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Anti-aging Benefits of Brain Mapping

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Anti-aging Benefits of Brain Mapping

According to the Alzheimer’s Association’s recently released figures, the number of Americans afflicted with some form of dementia is believed to be growing at an alarming rate. The good news is that, although there is presently no cure, there are ways to monitor cognitive health and target preventive measures that just might slow disease progression. Here’s more:

A recent comprehensive report, reminds us that dementia and Alzheimer’s takes years to develop, with symptoms gradually worsening as neurons die and begin to malfunction (to learn more, go to http://www.alz.org/alzheimers_disease_facts_and_figures.asp ). Alzheimers disease affects people in different ways with difficulties storing and retrieving recent memories being a common feature.

At one point in time, mini mental exams, clock tests and other paper based methods were used to test the extent of cognitive deficits. Today, high-tech methods are available to assess cognitive, emotional and memory processing of the brain with computers and special sensors, like quantitative electroencephalography (qEEG brain mapping). For those not familiar with qEEG, it is a non-invasive technique that records brain waves through a cap on the head, then compares a client’s brain patterns with normal patterns for age and gender. Normative databases (comparing a subject to norms for age and gender) analysis is then used by psychologists, physicians and other professionals to identify functional difficulties within the brain.  In other words: what works in this brain, and what doesn’t?

Brain mapping is a unique tool that observes real-time memory and mental processing, then compares results to norms for age and gender.   A qEEG brain map is not taken for diagnostic purposes; rather, a brain map may be useful in demonstrating which functional areas of the cortex brain are under- or over-performing. It can show where the brain is out-of-balance: too slow, too fast, specific effects of medication, stressors or the lack of sleep.

The brain wave pattern may be correlated with self-reported patient symptoms and then used (along with metabolic, hormone or neurotransmitter testing, if necessary—see www.revolutionarymd.com for more information) to better understand factors that are part of cognitive, emotional or memory difficulty, or to design a personalized training program.  This means that health practitioners can provide tailored recommendations suited for mind and body, depending on the needs of each client.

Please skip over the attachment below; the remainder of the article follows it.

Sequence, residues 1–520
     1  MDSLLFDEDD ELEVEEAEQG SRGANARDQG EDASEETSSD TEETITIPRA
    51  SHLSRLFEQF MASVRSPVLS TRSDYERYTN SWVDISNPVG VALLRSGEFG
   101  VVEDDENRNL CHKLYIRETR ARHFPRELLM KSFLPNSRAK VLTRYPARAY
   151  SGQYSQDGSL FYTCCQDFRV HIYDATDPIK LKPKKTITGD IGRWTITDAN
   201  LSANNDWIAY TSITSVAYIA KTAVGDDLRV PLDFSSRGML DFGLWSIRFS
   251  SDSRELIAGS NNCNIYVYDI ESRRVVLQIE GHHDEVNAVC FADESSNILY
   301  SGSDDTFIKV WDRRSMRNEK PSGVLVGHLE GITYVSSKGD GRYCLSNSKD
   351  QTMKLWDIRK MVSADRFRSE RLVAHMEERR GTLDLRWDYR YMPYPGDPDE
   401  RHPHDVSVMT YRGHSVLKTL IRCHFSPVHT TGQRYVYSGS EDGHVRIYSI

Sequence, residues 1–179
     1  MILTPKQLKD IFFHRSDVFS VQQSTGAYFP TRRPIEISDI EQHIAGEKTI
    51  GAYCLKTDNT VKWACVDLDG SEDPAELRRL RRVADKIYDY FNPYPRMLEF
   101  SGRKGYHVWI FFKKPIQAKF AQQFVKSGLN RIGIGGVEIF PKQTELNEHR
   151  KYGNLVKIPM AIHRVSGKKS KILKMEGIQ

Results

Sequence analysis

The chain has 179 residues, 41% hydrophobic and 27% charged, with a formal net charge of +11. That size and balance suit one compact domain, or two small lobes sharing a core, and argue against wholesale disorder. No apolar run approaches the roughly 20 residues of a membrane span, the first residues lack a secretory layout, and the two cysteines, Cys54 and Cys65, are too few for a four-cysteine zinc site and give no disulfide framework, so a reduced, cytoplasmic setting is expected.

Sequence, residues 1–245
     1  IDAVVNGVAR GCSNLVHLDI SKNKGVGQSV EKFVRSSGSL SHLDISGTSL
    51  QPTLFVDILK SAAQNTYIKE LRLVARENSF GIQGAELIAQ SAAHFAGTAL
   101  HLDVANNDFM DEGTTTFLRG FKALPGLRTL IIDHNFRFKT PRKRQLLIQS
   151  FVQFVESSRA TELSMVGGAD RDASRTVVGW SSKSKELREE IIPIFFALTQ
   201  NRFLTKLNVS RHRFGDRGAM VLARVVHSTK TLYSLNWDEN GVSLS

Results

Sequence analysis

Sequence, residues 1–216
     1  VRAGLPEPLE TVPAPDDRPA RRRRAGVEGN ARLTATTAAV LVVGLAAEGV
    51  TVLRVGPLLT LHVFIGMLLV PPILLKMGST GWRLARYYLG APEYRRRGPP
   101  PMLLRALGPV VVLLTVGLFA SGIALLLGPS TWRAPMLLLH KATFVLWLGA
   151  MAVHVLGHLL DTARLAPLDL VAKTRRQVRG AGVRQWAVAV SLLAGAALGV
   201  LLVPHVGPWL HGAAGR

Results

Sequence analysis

Using the brain map results, a plan can be created to address symptoms and beef up prevention of memory loss. For example, individuals already diagnosed with dementia  or memory difficulties, the plan typically includes specific training goals (using neurofeedback, for instance), or it may include recommendations for addressing dietary, nutrition, sleep, exercise, and stress factors that may be contributing to imbalance.

Given the benefits of using qEEG brain maps, we here at Better Brain Balance utilize mapping to assess how the brain is working in order to develop programs to coach our clients to optimal brain health and function. The practice is owned and operated by Lori Miller, MS, BCN. Miller works under the medical direction of an MD who is board-certified in Anti-Aging Medicine, and offers a variety of services that may benefit dementia patients and their families.

For more information on brain mapping and the other services available through Better Brain Balance, call 1-303-638-0717.

3 Comments

  1. Paul Langley Reply

    Wow, this is some really interesting information about brain mapping. I had never heard of it before reading, but it looks like a fascinating and effective way to be able to prevent or at least slow the onset of dementia. I definitely agree that it is becoming more and more common, and that finding treatments and cures needs to become more and more important. Thanks so much for writing!

  2. Becca Holton Reply

    My friend is worried about her father because he’s starting to show some memory loss. I’ll have to ask her if she’s considered brain mapping. It sounds like it’s worth a try since you mentioned it can help with dementia and memory difficulties.

    • Lori Miller Reply

      Brain mapping may be helpful in localizing probable brain wave source of the memory concern, and may help the clinician and family sort neural pathways involved with the memory loss. However, it is also important to consider metabolic sources of cognitive decline as well, as these (such as high blood glucose, low hormone levels, or heavy metal toxicity, for example) may have contributed to neural decline for years while the symptom (poor memory) has just appeared. With our clients, we work with their physician to address underlying causes and triggers while using the qEEG analysis and mapping info to create training programs to activate or train the areas that may be under- or over-functioning.

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